It is hard to find a town more exclusive than Arun Bhumitra’s hometown of Rolling Hill Estates. The 2,000-home gated community is a place where the average price of a home starts at $2.5 million, and properties are one to two acres in size. The community’s top-of-mind quality of life issues focus on low density and rural ambiance in a region known to be terrain at risk of fires. The most inconvenient aspect of living in this city in the middle of the Los Angeles metropolis is bad cell phone coverage.
Bhumitra points out in the interview, economic problems at the county, state, and federal levels impose issues that the gated city must deal with, including zoning changes to accommodate state mandated housing inventory growth, and housing affordability policies. He believes in cooperating with other smaller cities to form coalitions for solutions, that are able to deal with state and federal mandates in a rational fashion.
One of the more interesting aspects of the interview is Bhumitra’s report that many property owners in Rolling Hills are converting old horse barns into accessory dwelling units (ADU’s). There’s a community mandate that these building conversions look like a horse barn from the outside to preserve the character and aesthetic of the city, even after the use of the building shift to being human dwellings. From an urban planning perspective, this actually means Rolling Hills Estates is one of the best adopters of federal and state initiatives to add these types of housing units to community inventories– even better than many other parts of the LA metro area.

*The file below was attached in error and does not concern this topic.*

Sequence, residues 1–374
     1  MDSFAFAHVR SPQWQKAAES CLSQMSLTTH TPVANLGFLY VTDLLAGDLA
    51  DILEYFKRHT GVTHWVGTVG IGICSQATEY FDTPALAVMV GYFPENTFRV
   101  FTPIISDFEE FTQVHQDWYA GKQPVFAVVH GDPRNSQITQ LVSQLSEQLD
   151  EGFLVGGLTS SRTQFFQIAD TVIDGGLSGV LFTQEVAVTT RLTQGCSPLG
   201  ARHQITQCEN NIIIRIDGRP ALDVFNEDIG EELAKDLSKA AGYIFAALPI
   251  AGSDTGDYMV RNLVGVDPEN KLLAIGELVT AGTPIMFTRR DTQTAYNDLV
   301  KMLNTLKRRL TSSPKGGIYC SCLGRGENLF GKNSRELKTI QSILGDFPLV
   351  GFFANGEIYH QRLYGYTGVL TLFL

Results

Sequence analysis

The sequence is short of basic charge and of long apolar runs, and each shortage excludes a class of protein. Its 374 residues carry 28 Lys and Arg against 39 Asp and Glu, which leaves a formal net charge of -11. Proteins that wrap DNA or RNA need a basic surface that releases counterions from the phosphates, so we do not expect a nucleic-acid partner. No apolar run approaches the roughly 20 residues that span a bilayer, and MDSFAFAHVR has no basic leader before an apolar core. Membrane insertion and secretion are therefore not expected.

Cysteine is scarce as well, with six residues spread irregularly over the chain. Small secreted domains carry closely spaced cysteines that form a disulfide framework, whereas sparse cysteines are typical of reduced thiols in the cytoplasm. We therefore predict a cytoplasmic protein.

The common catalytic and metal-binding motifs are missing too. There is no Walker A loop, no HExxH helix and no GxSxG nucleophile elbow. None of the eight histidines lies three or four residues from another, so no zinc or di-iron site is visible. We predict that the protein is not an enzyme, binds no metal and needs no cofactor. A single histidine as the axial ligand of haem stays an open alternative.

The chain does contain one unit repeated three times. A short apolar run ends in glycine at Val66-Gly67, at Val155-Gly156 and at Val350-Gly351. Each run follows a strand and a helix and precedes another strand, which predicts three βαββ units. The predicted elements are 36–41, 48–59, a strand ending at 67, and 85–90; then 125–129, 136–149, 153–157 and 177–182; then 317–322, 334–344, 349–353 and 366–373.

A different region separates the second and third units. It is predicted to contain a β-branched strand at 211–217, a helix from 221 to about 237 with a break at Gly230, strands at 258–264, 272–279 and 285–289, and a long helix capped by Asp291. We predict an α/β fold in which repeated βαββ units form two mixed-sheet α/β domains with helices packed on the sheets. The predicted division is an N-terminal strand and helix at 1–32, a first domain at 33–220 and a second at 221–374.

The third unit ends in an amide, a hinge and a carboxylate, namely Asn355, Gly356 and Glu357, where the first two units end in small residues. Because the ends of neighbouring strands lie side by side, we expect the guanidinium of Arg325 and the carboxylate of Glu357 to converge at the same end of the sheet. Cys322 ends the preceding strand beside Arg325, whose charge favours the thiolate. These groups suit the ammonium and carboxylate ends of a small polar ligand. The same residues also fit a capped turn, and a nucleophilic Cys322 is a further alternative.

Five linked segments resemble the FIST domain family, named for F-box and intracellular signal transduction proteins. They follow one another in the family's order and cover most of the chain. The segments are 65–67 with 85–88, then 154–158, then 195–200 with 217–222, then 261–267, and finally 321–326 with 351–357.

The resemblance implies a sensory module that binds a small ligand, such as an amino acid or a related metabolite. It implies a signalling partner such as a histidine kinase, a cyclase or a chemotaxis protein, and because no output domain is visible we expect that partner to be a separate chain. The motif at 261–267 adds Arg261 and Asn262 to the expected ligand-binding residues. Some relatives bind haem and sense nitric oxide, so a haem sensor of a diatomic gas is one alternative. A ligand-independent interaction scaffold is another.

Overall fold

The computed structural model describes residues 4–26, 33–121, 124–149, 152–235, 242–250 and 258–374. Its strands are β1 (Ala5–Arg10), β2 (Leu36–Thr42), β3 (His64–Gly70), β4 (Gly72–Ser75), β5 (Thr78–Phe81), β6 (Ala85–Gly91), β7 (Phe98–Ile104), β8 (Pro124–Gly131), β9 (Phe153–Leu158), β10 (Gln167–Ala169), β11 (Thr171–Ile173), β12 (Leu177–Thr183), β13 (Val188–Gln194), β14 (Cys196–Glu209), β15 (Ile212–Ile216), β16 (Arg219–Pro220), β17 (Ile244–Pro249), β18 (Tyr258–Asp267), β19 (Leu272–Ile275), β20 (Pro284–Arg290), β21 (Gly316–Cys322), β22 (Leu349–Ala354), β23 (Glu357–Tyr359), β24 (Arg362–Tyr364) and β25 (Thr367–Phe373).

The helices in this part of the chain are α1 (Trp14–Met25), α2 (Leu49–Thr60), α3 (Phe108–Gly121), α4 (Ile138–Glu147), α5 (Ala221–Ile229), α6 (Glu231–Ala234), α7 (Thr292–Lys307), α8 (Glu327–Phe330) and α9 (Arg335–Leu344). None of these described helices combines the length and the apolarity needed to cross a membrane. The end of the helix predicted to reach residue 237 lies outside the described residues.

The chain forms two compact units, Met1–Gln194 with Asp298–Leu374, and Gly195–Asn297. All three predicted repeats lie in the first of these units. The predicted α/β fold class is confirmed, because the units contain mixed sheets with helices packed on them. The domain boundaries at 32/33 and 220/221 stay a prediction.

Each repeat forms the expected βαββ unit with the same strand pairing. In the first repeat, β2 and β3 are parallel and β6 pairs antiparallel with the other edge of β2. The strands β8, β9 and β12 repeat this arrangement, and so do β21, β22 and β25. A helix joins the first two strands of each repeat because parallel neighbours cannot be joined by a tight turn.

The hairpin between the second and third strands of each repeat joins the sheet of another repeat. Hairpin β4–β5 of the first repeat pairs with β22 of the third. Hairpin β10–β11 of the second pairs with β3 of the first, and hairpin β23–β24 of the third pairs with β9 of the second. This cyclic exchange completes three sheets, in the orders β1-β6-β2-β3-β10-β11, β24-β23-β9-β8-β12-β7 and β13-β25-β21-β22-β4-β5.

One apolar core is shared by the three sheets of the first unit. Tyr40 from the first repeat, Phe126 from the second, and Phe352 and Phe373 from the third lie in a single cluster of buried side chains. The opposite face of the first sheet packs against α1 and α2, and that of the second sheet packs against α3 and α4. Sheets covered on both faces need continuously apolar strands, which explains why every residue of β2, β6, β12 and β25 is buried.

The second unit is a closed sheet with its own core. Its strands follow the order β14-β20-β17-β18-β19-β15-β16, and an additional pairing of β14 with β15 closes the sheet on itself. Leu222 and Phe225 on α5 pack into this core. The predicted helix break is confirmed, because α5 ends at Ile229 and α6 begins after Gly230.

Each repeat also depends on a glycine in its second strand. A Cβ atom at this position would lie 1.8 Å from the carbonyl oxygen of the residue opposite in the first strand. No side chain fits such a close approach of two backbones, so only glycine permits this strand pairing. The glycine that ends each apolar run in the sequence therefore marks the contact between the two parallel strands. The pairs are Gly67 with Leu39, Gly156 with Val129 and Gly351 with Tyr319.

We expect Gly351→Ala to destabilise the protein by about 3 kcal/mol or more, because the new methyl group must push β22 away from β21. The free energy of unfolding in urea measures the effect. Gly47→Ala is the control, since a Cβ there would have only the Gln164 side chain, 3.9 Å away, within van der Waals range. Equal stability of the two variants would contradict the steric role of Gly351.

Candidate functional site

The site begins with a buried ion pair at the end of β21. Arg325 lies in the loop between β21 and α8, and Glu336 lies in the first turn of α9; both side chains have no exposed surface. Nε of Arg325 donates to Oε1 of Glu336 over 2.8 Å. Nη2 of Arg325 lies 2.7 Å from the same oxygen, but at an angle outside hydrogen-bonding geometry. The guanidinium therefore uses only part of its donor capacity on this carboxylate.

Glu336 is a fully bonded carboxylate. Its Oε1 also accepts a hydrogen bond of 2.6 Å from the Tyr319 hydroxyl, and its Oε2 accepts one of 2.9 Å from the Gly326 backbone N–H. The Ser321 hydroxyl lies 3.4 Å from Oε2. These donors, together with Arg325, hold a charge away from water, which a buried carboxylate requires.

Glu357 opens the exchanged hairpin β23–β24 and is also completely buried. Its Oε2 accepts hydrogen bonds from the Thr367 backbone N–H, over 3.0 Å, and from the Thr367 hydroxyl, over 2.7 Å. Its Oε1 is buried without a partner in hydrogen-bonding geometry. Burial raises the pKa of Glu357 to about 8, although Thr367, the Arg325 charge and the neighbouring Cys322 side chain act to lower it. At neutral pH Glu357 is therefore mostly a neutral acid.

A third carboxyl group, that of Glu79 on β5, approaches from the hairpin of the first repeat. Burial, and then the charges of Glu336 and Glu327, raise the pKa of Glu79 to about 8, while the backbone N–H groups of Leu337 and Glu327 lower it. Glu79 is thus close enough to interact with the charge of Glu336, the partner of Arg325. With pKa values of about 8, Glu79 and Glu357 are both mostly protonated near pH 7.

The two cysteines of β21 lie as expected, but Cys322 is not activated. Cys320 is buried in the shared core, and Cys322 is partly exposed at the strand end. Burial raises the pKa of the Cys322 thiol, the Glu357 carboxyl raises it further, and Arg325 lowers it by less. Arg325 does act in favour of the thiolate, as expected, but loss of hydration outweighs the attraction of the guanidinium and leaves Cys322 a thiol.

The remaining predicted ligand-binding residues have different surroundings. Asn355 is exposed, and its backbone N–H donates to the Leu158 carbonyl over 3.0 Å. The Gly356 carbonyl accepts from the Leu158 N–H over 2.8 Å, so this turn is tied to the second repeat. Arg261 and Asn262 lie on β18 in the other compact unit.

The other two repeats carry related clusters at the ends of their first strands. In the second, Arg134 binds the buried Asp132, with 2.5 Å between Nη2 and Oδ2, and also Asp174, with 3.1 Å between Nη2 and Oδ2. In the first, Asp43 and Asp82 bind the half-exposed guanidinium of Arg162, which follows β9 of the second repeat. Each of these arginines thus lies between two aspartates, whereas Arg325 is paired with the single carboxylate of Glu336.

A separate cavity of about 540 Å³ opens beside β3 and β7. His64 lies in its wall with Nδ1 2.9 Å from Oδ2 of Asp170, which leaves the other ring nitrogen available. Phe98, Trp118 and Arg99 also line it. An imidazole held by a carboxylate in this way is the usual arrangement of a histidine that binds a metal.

His background as an engineer very much focuses his candidacy towards goals of getting issues he believes have been languishing too long in his neighborhood off the taxpayers’ dime, moving towards constructive solutions; whether it be beginning to make zoning changes to comply with state imposed mandates or find ways to solve the economics and logistics to make the investments needed to improve the mobile communications drop out problems of the city. The latter is something he notes is a difficult one for some utilities to justify making private investment, but can, by using other available incentive programs, become solvable.
And that’s what Bhumitra wants to do for this hometown–help to turn problems into solutions.
Arun’s campaign website it at, https://www.electarun.com/